Tracking Cyanobacteria (Blue-Green Algae) in Vermont

cyanobacteria

Cyanobacteria, also known as blue-green algae, are a common and natural part of the microscopic plants (plankton) in Lake Champlain and other Vermont waters. Some types of cyanobacteria can release natural toxins or poisons (called cyanotoxins) into the water, especially when they die and break down. 

Cyanobacteria can grow quickly during warm months in lakes and ponds with excess nutrients like phosphorus and nitrogen. Cyanobacteria blooms are most common on calm, sunny days between June and September. In recent years, cyanobacteria blooms have occurred most often in northern sections of Lake Champlain—such as St. Albans Bay and Mississquoi Bay.

Since 2003, the Lake Champlain Committee (LCC) has trained citizen volunteers to monitor for cyanobacteria at lakeshore locations. Volunteer monitors, along with staff from the Vermont Departments of Health and Environmental Conservation, file weekly online reports that are then displayed on the Cyanobacteria Tracker Map. The program helps citizens, along with health, environmental and recreational officials, assess the safety of our beaches. It also provides important data to help us further understand when and why blooms occur.

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Explore the Cyanobateria Tracker Map


The Cyanobacteria Tracker Map is a data collaboration project of the Departments of Health and Environmental Conservation and the Lake Champlain Committee. The interactive map allows you to:

  • Vermont Cyanobacteria Tracker Tracking EPHT Check recent lake reports
  • Search by lake region, or by town
  • View the latest results by test site
  • Click on the site’s alert status for more information

Not all Vermont bays, lakes, and ponds are monitored. Be aware of changing conditions, and keep out of the water if you think cyanobacteria may be present.

NOTE: The map provides condition information and data as of the date of report. Test site observations and samples are collected once each week. Conditions can and do change. If you see cyanobacteria, don't go in the water.

Season Summaries: 2016 |2015 | 2014 | 2013 | 2012

Alert Levels

The color codes on the Cyanobacteria Tracker Map correspond with the following alert levels:

Green – Generally Safe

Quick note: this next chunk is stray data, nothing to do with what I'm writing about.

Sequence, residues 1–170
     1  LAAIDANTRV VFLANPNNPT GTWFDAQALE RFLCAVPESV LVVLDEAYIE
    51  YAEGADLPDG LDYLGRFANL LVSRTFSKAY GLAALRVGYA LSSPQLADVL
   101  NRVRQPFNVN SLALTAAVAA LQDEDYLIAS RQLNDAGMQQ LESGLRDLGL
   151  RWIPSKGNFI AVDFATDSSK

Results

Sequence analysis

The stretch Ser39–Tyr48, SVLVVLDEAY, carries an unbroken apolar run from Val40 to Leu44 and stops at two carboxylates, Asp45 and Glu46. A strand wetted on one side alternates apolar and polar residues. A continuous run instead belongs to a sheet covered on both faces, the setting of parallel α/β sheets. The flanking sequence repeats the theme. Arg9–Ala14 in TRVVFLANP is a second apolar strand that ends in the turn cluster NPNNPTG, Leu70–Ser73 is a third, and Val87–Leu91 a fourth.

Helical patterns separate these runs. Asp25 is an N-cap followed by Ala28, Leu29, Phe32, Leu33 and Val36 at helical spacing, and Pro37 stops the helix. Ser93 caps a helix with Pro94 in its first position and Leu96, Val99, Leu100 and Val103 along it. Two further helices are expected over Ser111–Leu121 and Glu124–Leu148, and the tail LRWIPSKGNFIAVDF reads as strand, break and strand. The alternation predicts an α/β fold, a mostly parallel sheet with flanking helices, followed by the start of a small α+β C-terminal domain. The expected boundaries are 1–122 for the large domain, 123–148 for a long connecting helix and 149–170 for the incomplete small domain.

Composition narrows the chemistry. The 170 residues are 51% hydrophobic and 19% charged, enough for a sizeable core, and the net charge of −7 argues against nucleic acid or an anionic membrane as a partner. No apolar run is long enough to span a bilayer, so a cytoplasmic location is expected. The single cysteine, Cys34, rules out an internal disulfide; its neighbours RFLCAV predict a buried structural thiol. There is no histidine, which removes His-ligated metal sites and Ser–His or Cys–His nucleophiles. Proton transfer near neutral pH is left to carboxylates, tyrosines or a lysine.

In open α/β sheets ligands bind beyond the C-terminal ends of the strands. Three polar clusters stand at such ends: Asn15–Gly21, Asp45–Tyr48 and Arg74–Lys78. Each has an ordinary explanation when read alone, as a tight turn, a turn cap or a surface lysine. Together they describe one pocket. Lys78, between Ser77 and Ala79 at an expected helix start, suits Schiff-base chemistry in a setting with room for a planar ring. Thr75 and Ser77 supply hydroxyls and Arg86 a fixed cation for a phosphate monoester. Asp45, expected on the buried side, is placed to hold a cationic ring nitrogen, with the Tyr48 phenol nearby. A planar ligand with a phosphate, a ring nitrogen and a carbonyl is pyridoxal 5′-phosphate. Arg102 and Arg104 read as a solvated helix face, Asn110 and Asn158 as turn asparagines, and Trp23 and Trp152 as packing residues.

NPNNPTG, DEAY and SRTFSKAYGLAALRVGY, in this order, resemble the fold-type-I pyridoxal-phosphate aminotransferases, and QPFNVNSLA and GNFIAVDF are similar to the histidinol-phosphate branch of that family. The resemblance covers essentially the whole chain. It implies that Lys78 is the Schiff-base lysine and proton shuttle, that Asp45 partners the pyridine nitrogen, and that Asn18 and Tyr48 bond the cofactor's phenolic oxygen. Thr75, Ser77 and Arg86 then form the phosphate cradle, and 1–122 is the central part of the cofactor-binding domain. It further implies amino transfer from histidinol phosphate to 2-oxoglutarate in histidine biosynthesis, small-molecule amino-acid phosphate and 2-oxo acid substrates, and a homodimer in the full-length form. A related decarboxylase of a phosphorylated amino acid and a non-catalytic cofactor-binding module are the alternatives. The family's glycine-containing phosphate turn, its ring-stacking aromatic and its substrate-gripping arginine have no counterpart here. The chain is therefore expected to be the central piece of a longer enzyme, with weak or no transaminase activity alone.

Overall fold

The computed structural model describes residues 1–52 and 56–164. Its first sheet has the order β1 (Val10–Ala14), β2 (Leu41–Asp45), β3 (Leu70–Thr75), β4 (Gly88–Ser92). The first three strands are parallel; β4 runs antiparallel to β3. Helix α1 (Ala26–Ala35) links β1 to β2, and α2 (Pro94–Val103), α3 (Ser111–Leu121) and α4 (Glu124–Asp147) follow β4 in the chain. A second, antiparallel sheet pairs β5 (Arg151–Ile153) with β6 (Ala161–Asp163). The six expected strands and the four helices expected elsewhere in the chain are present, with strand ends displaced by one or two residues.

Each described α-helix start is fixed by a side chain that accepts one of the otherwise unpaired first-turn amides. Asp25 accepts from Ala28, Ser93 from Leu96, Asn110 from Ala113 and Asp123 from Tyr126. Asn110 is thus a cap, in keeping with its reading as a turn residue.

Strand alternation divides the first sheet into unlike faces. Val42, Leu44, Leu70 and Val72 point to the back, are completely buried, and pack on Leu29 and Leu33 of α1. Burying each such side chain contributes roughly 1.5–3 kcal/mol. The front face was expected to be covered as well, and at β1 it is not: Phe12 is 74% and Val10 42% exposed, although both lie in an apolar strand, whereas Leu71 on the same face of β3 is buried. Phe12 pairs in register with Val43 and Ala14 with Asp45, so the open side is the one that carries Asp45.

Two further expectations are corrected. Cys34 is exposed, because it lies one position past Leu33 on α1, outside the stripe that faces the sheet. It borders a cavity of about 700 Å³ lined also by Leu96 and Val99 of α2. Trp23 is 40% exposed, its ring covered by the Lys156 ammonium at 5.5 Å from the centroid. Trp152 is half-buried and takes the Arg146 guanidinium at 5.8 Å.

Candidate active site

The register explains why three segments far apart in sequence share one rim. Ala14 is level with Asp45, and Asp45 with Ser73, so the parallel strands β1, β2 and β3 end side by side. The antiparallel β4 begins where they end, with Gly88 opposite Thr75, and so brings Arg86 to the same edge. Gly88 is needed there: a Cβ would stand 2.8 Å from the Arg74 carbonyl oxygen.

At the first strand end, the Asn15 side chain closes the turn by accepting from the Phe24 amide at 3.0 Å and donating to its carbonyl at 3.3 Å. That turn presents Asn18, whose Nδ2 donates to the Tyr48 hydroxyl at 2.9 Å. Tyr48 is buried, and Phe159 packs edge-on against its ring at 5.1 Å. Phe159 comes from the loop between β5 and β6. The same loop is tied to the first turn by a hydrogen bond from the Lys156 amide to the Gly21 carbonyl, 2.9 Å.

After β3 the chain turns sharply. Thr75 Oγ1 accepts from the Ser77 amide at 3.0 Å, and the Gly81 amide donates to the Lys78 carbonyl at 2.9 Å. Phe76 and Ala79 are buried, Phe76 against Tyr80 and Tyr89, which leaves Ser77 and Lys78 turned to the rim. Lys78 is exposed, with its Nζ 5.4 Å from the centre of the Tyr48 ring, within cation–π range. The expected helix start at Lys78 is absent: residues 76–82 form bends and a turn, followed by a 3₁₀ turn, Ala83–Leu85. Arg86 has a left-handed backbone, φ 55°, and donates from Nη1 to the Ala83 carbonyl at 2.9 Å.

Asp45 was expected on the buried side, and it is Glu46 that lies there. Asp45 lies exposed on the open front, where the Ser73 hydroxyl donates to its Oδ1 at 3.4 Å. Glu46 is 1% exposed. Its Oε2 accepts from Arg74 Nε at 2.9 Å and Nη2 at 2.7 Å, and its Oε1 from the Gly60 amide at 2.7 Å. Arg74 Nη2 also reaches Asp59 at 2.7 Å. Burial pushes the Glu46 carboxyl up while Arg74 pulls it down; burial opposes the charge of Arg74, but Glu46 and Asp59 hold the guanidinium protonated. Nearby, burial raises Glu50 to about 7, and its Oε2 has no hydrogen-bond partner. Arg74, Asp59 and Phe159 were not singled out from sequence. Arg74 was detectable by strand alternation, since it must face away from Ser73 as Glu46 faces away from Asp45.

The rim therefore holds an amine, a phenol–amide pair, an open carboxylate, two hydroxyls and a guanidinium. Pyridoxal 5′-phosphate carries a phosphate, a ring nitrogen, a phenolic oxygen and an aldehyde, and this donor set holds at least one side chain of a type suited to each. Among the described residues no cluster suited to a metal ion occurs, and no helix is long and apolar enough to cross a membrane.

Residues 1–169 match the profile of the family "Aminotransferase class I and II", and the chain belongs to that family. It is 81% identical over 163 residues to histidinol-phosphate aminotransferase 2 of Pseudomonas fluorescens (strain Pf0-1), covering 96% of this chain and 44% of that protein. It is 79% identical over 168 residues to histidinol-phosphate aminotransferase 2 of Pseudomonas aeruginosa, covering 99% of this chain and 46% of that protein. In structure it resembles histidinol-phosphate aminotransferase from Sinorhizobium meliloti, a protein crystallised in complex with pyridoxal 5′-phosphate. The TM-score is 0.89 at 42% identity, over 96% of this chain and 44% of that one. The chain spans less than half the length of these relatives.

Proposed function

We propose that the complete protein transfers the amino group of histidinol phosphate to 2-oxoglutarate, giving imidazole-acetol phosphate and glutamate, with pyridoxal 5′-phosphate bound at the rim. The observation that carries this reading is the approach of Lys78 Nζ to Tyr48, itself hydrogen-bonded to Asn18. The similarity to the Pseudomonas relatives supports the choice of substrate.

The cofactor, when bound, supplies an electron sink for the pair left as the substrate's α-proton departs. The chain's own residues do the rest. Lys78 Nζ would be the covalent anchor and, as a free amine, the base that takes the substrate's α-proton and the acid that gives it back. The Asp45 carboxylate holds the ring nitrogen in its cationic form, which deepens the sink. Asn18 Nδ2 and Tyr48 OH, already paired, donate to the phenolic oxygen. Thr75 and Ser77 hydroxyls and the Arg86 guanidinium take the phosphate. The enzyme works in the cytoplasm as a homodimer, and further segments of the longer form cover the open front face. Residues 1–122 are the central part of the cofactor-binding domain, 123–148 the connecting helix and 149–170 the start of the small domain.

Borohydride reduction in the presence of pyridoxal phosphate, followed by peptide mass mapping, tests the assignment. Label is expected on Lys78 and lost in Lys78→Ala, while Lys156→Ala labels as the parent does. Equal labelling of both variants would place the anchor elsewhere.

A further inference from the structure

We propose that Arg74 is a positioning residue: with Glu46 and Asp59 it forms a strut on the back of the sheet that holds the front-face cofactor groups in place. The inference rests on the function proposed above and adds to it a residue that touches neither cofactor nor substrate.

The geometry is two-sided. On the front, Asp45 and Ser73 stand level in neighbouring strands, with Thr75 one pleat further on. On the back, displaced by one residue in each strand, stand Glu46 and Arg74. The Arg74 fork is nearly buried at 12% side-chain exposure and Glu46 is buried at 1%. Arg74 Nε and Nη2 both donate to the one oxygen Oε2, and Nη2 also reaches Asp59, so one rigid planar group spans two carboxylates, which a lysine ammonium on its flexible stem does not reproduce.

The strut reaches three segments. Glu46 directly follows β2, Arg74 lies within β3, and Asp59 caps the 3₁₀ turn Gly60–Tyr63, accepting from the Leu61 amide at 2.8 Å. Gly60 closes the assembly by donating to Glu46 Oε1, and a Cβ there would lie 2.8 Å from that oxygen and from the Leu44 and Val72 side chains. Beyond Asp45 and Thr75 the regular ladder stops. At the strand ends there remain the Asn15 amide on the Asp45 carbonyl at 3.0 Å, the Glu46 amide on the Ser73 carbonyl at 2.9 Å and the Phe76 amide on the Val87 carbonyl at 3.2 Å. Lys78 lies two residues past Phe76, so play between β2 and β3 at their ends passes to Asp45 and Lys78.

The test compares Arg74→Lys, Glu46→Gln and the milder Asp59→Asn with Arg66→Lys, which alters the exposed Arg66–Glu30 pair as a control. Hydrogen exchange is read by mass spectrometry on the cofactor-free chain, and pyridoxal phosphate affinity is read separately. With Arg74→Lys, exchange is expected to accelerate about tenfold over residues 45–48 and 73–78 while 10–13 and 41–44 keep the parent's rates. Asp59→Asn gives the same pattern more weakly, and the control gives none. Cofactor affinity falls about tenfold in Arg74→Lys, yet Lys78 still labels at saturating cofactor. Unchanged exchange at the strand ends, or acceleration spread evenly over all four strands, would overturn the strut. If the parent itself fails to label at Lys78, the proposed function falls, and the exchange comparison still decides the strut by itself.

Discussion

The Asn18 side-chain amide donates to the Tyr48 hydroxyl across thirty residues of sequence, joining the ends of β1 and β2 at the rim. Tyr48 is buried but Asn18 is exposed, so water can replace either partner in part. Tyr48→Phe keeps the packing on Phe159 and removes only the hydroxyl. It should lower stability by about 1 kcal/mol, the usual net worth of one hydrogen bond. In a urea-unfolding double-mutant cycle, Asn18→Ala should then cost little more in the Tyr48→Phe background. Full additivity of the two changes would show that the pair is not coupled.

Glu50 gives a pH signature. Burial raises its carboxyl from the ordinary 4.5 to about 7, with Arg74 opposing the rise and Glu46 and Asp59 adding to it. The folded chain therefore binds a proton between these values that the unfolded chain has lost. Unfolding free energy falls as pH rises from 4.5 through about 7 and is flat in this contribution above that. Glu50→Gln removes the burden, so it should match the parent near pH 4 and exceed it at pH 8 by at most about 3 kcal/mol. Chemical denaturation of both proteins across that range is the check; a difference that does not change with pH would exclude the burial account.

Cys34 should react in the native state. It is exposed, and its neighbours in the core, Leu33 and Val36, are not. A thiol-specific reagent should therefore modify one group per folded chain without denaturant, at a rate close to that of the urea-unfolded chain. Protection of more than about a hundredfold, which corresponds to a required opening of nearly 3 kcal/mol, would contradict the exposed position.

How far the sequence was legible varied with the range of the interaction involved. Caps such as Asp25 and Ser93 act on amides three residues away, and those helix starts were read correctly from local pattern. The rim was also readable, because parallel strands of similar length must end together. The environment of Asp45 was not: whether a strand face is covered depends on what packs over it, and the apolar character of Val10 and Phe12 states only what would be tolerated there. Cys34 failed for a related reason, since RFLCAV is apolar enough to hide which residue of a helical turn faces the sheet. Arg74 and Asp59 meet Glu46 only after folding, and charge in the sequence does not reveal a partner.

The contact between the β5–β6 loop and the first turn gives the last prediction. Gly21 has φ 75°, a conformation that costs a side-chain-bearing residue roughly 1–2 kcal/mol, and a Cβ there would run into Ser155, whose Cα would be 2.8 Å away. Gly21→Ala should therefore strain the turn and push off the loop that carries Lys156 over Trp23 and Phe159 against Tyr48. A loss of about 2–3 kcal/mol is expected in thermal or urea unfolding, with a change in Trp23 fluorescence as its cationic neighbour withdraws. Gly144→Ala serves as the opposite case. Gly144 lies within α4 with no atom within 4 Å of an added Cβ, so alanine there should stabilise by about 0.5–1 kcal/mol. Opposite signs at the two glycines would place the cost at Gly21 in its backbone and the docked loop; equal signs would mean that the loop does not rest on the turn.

No toxic cyanobacteria blooms were found along these shoreline areas. These areas should be safe for recreational use.

Yellow – Low Alert
These shoreline areas have cyanobacteria at levels below bloom conditions. These areas are open for recreation, but caution is advised in any areas where dense accumulations or scums are seen.

Red – High Alert
These shorelines have cyanobacteria in dense scums at least in some areas. The water is not safe for recreational use in areas that contain scums.

Why do we have the Cyanobacteria (Blue-Green Algae) Tracker?

The Cyanobacteria (Blue-Green Algae) Tracker allows the public to check the recent cyanobacteria reports at shoreline sites and recreational swimming areas of Lake Champlain and various inland lakes in Vermont. At most sites, observations are made once a week, from early June to mid-September. Sites are identified as “Generally Safe” or indicated as having cyanobacteria presence with “Low Alert” or “High Alert.”

While the map provides information on cyanobacteria conditions at the time of the report, lake conditions can change very quickly. It is important to learn to identify signs of a cyanobacteria bloom and use your best judgment when thinking about swimming or doing other activities in the water.

To check current conditions at your favorite beach or swimming area, you can call whoever is responsible for maintaining the beach. This may be the town, a private association, or Vermont State Parks.

Why is Cyanobacteria (Blue-Green Algae) a threat to public health?

Swimming or wading in water with cyanobacteria may cause minor skin rashes, sore throats, diarrhea, stomach problems, or more serious health problems. Children and pets are at higher risk of exposure because they are more likely to play near the shoreline and drink water while swimming. Pets can also lick and swallow cyanobacteria that may be caught in their fur.

The Vermont Tracking Program was featured in the Centers for Disease Control and Prevention's Tracking in Action video series. See how the Cyanobacteria (Blue-Green Algae) Tracker helps residents make informed decisions about recreational lake use.